Century of Endeavour
Buried Alive in Ireland
A Story of a Twentieth Century Inquisition
(c) Roy Johnston 1999(comments to firstname.lastname@example.org)
I have adapted this from a review which I submitted to the Autumn 2001 issue of the Boston 'Irish Literary Supplement'. In this review I also treated his 'Irish Republicanism - the Authentic Perspective' which was also published in early 2001. Stocks of both books are held mainly by Athol in Belfast, whose e-mail is email@example.com, and also marginally by Connolly Books in Essex St, Dublin 2.
This book by Derry Kelleher was published early in 2001 by Justice Books (no 8 in their series). It is relevant to this narrative because Derry shares with the present writer a background in science and technology, and a tradition of swimming against the tide of emigration in the 1950s, in order to try to convey a vision derived from the classic Enlightenment political message, via Wolfe Tone and taking Marx on board via Connolly, in the somewhat obscurantist Irish environment of the day.
Derry did a science degree in UCC in the 1940s, after a period of internment in the Curragh. He was associated with the development of the Cork Socialist Party, which ran public lectures on topics like 'science and socialism', 'on the Jewish question', 'West Cork Pioneers of Socialism', and getting a good vote for Micheal O Riordain in the 1946 by-election, upstaging the catholic-nationalist right-wing Aiseiri group (mostly Fianna Fail dissidents). This however triggered, by its very success, a virulent anti-communist campaign led by Alfred O'Rahilly, of which the result was that Derry, after getting his degree, had to emigrate. He went to Trinidad, where he began to pick up the experience that led to his becoming a full-fledged Chemical Engineer, with experience in the sugar and petroleum industries, both relevant to Irish economic development. Derry attributed most of the trouble he had subsequently in getting back to Ireland to this O'Rahilly 'Inquisition', which process underlies the title of the book.
During his subsequent spell in the Fawley oil-refinery in the late 1950s he encountered the Irish trainees who had been sent there in preparation for the Whitegate refinery project, and he has some critical things to say about the socio-technical aspects of this, and the workings of the Free State Establishment mafias.
During the 1960s he was involved with the present writer in an attempt to set up a Kane-Bernal Society, the objective of which was to pick up on the legacies of Sir Robert Kane and Desmond Bernal where they related to the role of science and technology in the Irish national economic and cultural context. He has kind words to say about Joseph O'Reilly the Cork Chemistry Professor who had defended him against the O'Rahilly Inquisition, and Colm O h-Eocha the National Science Council chairman, whom he credits with knowledge of something of the Bernal legacy.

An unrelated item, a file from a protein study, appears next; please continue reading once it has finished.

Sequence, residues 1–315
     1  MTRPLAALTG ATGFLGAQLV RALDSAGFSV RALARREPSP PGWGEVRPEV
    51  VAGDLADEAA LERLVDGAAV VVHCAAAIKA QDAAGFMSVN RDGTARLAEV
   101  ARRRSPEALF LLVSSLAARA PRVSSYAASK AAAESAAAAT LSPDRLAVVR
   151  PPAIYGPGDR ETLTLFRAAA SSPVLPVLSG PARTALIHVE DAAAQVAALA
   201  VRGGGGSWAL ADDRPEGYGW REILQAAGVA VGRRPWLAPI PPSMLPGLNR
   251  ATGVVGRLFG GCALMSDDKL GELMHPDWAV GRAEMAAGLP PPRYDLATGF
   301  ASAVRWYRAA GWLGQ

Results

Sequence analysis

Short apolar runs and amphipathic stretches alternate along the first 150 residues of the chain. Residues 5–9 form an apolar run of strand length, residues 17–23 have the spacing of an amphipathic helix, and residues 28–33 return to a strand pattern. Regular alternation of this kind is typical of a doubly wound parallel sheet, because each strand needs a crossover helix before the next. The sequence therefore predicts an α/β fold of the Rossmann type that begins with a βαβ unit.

He then develops a major apparent digression, but which is in fact germane to his Enlightenment message, into the background of the Orange Order and the Boyne mythology, with the Pope being in alliance with William in the Augsburg League, and then goes into the Dissenting tradition in the North, which he correctly credits as the originator of modern Republicanism, quoting my father Joe Johnston who in the Seanad of 02/02/1939 reminded us that '..the men behind the walls of Derry were better Republicans than the besiegers..'.
His analysis of the decline of 'official Sinn Fein' towards its present 'Workers Party' role is insightful, but better treated in another publication which I review separately. His view of the Green Party however is dominated by negative experience with its first TD Roger Garland, now no longer with them. He has not yet come around to a full realisation of the importance of grappling with the scientific analysis of the sustainability problem, which the Irish Greens are currently in process of doing creditably.
During the late 1960s and early 70s Derry was active in the 'Christian-Marxist Dialogue' in the spirit of Teilhard de Chardin, and also in the work of the Dublin Wolfe Tone Society which was then in the lead of the republican politicisation process, with the present writer also involved. His treatment of the events leading up to the 1970 split, and the foundation of the Provisionals, is insightful, uncovering the negative roles of both the irredentist catholic-nationalism of Blaney et al, and the adventurist ultra-leftism of the Queens students who with the 'Peoples Democracy' group undermined the work of the NI Civil Rights Association. He gives credit to the latter and to Tony Coughlan for the attempt to develop in 1970 a campaign for a Bill of Rights, which if it had been pursued with vigour by the Dublin Government would have give us the current Good Friday Agreement situation without the decades of mayhem.
Derry treats in some depth the bizarre developments in 'Sinn Fein the Workers Party' in the 1970s, when the latter envisioned the 'proletarianisation' of rural Ireland under the influence of international capital; he instances direct experience of this process from his role as a chemical engineer with Asahi in Killala. He analyses the influence of Eoin Harris in this context. He also has things to say about the techno-economics of Nitrigin Eireann.
We have a book here which will be mined by future historians seeking to understand the problems confronting the development of political ideas in the context of Connolly's 'Carnival of Reaction' which the latter predicted would be the consequence of the partition of the country. Some will find it a good read; many will find it infuriating, but will read it all the same.
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Copyright Dr Roy Johnston 1999